Over the next few weeks, we will be meeting once a week via Hangout or Twitter chat to share our experiences, discuss readings, and think about plans for their site as they create future professional development opportunities. At some point in the near future, I am hoping that we will be able to make some of our work public, and this is certainly a rich experience for me as well as I think about future models for professional development and learning and hybrid or mostly online scenarios.

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The “Tweet Aloud” as a Tool for Comprehending Digital Texts

Thanks to Tracy Mercier (@vr2ltch) for capturing my unfolding thought process as I responded to The Majestic Plastic Bag — and invited others to do the same — during an #engchat conversation about digital mentor texts on April 23rd.

I think I may have coined a new phrase, at least in the pedagogical sense, mashing together the classic reading comprehension strategy of a a “think aloud” with the idea of viewing a video during a Twitter-based conversation such as #engchat.

The result: a “tweet aloud,” which had me and about a half-dozen other teachers sharing our thoughts on the video while all watching it on our own screens, semi-simultaneously. In some ways, it was a backchannel conversation during a social media interaction, which was kind of doubly-meta. All the same, it was interesting for me as a facilitator and, I hope, for participants, too. It gives me something to think about as I continue to understand online pedagogy.

So, I thank Tracy for capturing that all through her Storify reflections, as well as for Meenoo in trusting me enough to try something like that with #engchat.

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Catching My Breath After #engchat

So, I just finished hosting the lightening round of Tweeting that is know as #engchat (wiki link).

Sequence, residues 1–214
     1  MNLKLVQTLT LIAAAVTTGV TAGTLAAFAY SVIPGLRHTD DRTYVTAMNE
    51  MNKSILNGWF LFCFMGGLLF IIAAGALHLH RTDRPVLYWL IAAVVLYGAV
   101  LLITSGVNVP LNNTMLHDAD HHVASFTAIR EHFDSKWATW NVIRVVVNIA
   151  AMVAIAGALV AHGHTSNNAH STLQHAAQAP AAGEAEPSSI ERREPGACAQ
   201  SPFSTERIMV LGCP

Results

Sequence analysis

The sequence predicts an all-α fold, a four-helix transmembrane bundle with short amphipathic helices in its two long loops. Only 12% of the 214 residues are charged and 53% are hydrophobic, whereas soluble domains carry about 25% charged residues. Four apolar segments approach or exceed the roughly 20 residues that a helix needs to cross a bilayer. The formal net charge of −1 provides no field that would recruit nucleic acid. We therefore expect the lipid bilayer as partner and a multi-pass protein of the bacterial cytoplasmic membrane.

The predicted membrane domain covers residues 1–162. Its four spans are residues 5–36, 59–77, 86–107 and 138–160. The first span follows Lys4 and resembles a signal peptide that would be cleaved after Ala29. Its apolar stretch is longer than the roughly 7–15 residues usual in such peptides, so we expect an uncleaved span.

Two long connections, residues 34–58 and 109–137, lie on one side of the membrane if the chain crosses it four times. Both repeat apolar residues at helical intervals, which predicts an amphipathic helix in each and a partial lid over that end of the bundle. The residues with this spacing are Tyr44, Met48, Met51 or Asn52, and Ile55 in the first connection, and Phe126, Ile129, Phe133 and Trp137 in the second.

I sat down sat down at Panera with my bread bowl at about 6:45, thinking that I would have time to eat and follow a casual conversation. An hour later, there were so many great ideas that emerged that I barely lifted my fingers from the keyboard, let alone my spoon. That said, I just want to catch a few of these ideas, and a few bites of my cold soup, before the restaurant closes!

  • Even in a world of hyper-connected English teachers, we are still asking the right questions, both about teaching and technology. About access, both to the net and the tools. About teaching, both the content and the process. About assessment, both how and why. I really appreciated the questions that people asked, especially how they forced me to keep coming back to the writing and the writer, not just talk about tools.
  • No matter how little or how much access we (and our students) have, we need to continue advocating for more. Milton Chen in Education Nation talks about how 1:1 access is a digital civil right, and this conversation on #engchat tonight reminds me of that. Both the chat itself (the skills and processes that I needed to engage in a twitter-based chat with colleagues is both a mental and technical challenge, not to mention how to stay focused) as well as the topics that it raises (when, for instance, do we want students to attend to an online chat as compared to a face-to-face one?) remind me of how incredibly complex this thing called “digital writing” really is. It is both immediate and archived. It is both multilayered/multithreaded/multimodal, yet intently personal and focused. It can enrich our minds and offer us alternatives, or it can drive us to distraction. When and how do we teach digital writing so that it can be useful and productive?
  • There are incredible possibilities. One thread of the conversation spun off into the possibilities of gaming and how one teacher, Carl, uses Scratch with his middle school students. Showing the potential for interactive media as a space for storytelling (even if it is not “gaming” in the sense of programming and designing a full narrative with complex options), this example shows the ways in which a student can work to think through the process of writing in a different form. At one point, someone in the #engchat asked something similar to “what isn’t writing then?” and I think that it raises a good point. Whether spoken, printed, or otherwise designed with media, I think that “writing” is intentional. It involves an act of planning, revising, and producing. This Scratch example, to me, is clearly writing.

Those are some brief, initial reflections. I am so thankful for having had the chance to lead the #engchat session tonight, as it gets my new year and new semester off to a good start, helping me rethink what it is that I hope to accomplish in my teaching, research, and writing in the coming months.